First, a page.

I got my first taste of an Amber Alert last night. (An Amber Alert is a special police bulletin that is released when children are abducted and the police have an early lead and enough descriptive information to give a good chance of finding them.) It was Massachusetts’ first Amber Alert and here’s what happened: The emergency broadcast notice and sound popped up on the screen, blanking out the whol signal, declaring a civil emergency. My first thought was “Terrorist attack!” Then they announced the Amber alert, went through the whole description, and I thought we would go back to the Patriots game. But we didn’t.
For a half hour, this 30 second alert repeated over and over. And it was on every channel. This wasn’t a simple screen crawl like you get when there’s a weather alert, but a complete blanking out of the every cable channel. So I did what most people probably did—I turned off the TV.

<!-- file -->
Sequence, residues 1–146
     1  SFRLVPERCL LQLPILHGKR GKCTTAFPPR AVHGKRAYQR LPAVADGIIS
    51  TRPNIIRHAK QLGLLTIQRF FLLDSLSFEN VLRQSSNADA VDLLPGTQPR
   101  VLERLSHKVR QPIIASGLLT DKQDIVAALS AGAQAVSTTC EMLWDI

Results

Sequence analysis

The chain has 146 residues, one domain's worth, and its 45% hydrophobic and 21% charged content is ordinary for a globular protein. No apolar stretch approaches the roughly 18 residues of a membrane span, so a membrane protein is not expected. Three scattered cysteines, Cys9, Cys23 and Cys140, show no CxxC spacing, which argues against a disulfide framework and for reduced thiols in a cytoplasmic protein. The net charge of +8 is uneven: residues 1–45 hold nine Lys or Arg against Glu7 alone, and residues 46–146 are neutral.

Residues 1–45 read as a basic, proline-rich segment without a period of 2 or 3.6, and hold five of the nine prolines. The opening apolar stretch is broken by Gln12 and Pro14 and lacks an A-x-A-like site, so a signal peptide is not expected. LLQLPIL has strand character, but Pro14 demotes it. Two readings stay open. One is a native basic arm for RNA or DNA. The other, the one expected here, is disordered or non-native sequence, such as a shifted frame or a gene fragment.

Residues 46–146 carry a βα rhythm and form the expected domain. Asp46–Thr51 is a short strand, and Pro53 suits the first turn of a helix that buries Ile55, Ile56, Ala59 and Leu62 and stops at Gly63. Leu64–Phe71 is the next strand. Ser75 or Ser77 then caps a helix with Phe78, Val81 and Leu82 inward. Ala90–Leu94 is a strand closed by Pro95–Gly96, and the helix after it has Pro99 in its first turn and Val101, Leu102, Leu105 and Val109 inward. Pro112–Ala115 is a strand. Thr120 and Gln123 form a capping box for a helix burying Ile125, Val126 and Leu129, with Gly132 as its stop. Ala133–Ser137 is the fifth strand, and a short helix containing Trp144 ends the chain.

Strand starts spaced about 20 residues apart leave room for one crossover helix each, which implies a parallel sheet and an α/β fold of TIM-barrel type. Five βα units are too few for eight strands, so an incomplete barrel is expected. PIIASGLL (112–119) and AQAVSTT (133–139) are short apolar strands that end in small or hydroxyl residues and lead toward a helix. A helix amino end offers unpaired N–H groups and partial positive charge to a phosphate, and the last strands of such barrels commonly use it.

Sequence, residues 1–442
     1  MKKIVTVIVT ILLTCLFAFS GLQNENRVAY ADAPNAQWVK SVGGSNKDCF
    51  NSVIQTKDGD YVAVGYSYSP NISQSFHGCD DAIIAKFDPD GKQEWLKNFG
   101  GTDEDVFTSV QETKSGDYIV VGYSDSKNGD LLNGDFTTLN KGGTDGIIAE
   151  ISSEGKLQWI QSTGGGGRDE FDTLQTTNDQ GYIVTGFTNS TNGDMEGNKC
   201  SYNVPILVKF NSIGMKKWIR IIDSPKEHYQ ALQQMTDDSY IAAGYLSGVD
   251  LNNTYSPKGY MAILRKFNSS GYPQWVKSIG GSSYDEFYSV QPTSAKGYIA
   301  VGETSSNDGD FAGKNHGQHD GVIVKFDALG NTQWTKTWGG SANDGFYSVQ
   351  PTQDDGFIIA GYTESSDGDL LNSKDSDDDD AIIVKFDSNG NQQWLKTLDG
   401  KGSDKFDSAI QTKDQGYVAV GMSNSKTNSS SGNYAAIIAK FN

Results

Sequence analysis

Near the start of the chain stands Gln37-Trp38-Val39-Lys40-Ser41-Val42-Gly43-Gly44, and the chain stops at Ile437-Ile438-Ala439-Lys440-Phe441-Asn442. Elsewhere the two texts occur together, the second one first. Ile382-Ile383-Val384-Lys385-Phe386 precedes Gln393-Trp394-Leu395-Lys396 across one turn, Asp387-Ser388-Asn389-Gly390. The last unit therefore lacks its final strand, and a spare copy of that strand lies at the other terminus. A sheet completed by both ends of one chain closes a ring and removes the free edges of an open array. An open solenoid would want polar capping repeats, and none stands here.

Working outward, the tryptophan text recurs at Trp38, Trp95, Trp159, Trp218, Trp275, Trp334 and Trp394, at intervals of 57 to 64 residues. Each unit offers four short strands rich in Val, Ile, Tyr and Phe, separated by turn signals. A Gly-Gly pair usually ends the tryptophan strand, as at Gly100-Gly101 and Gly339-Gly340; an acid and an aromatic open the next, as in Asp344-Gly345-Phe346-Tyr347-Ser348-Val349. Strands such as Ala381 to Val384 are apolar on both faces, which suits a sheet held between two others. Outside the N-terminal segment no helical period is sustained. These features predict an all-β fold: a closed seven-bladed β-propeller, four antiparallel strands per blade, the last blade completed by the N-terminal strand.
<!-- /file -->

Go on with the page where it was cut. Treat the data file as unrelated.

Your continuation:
Now, I have a couple of problems. Yes, I think Amber Alert is a good thing, but why can’t they do a screen crawl on every station like they do for severe weather emergencies? Why repeat the message 60 times? Was it necessary in this case? It turns out that the kids were abducted by Mom. According to the Amber Alert criteria, the alert is not supposed to be used for domestic dispute or custody cases.
My main problem is not that my TV watching was disrupted, but that a jackhammer was used when a ball-peen hammer was indicated. By using a system that should only be used the most dire emergencies—the emergency broadcast system—but for a case that turns out not to be dire, you lessen its impact in real emergencies. And the way it was used—complete shutdown of the broadcast network for 30 minutes—ensures that some people will not look kindly on the system and will ignore it in the future.